WWE legend Shawn Michaels shows off moves in ring before sharing testimony
Fog swirled around the darkened Vines Center as a heavy electric guitar riff erupted through the speakers Wednesday morning, ushering in World Wrestling Entertainment (WWE) icon Shawn Michaels to Liberty University Convocation. More than 10,000 students, who returned from Christmas break on Monday, roared with excitement as “HBK” (The Heartbreak Kid) strutted to a wrestling ring set up in the center of the floor. Michaels struck his signature pose, flexing his swollen biceps, and made quick work of sending twin LU Stages staff members Kyle and Will Scheren down on the mat (retribution for a prank they pulled on students last semester), while students chanted “HBK, HBK, HBK.”
Michaels is a four-time pro wrestling world champion, two-time Royal Rumble winner, a WWF Triple Crown Champion, the first WWF Grand Slam Champion, and a member of the WWE Hall of Fame.
While the spectacle was certainly a crowd pleaser, it was part of a stage persona Michaels maintained in the limelight for three decades. On Wednesday, after giving students a taste of his showmanship, Michaels gave them something deeper.
“This is very different,” Michaels said in an interview before Convocation. “This is me coming … as Michael Shawn Hickenbottom — the guy whose life was radically changed by the Lord years ago.”
Michaels shared his testimony with the crowd, telling them that in the late 1990s, at the peak of pro wrestling fame, he was “empty as the day is long.”
After the birth of his first child, Michaels’ wife was convicted to strengthen her faith, and she began attending Bible study. As her life was transformed, she prayed for her husband’s to as well.
“The power of prayer is an amazing thing,” Michaels said. “Every night, after I would pass out, she would get in the closet and get down on her knees and pray for her husband.”
One day, while under the influence of substances, Michaels was holding his 2-year-old son, who said, “Daddy’s tired.”
The moment broke the wrestler as he realized that his child could tell that there was something wrong with him.
“That day, for the first time in my life, I finally loved something more than every selfish whim and desire that I had,” he said, his gravelly voice full of emotion. “It bothered me to the core that I wasn’t the man that I needed to be.”
Michaels visited a church the next day and soon after accepted Christ and got plugged into a Bible study.
He began sharing his faith openly, even at WWE events. Surprisingly, the bad boy persona he had built made it easier for people to accept the changed man he had become.
“That same rebellious attitude is in me now; it is just used in a more positive direction,” Michaels said. “If the name of Jesus makes you uncomfortable, from a guy who gets a kick out of making you uncomfortable, it seems to work.”
Michaels plays a supporting character in the upcoming fish-out-of-water comedy, “The Resurrection of Gavin Stone.” The faith-based film opens Friday at select theaters across the nation, including Lynchburg’s Regal River Ridge Stadium 14. Liberty bought out three screenings and will be giving tickets away to students via social media.
The film’s director, Dallas Jenkins, joined Michaels in Convocation to talk about the project, which was produced with Chicago’s Harvest Bible Chapel. He showed the film’s trailer and an exclusive clip.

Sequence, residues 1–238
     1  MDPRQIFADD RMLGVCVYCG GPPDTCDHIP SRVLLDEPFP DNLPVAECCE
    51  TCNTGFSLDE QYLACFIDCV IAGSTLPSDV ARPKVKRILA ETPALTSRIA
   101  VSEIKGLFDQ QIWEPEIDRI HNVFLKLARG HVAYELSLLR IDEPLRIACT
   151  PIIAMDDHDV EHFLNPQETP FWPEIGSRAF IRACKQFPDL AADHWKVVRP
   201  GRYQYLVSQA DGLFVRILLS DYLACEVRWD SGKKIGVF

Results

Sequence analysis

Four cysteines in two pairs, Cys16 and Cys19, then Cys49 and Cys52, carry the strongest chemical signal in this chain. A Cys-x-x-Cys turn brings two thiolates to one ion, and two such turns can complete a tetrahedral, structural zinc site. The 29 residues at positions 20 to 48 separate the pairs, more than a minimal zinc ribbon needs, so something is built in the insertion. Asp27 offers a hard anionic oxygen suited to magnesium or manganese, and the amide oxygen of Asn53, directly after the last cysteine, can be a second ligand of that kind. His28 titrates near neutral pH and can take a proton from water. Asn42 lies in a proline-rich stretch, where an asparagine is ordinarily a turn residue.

“Very few people talk about the opportunity to have an impact in Hollywood and to use popular culture and media as a place for salt and light,” Jenkins said. “I always believed the most important message in the world deserves the most influential medium in the world, film and television.”
Jenkins noted that the film — about a Hollywood vagrant who pretends to be a Christian in order to play Jesus in a church passion play and fulfill his community service hours — is testing well with both Christian and non-Christian audiences.
Michaels said he wanted to join the project because the characters were relatable.
“I appreciated the humor,” he said. “I can remember going into (church) for the first time and not understanding so many things. … To me it was, ‘finally Christians are making a movie that I totally get,’ and it isn’t going to make people uncomfortable … it was so natural.”
Jenkins praised Liberty’s Cinematic Arts, Zaki Gordon Center — where an advance screening of the film was held the night before for filmmaking students — for its commitment to producing stellar graduates to impact the industry.
Senior cinematic arts student Lane Stevens appreciated the opportunity to interact with Jenkins and Michaels during a Q & A after Tuesday night’s screening.
“They gave quality advice and insight to a room filled with up-and-coming filmmakers,” Stevens said. “They encouraged me, emphasizing that professional development is important, but in the long run it is the relationships with people and with Christ that matter more. … Getting to connect with professionals who have gone down the filmmaking road is an opportunity that not a lot of people get, especially having an open environment to ask questions and to learn from them.”
As an aspiring filmmaker, Stevens said that “The Resurrection of Gavin Stone” showed him how it is possible to make good, quality Christian films.
Michaels took pictures with students and signed autographs after Convocation. He said the visit made an impact on him.
“For me, what is encouraging is a great many of the students here have clearly been given an incredible foundation, and a security, and a courage to go out there and walk confidently in that, and it’s nice to see,” he said.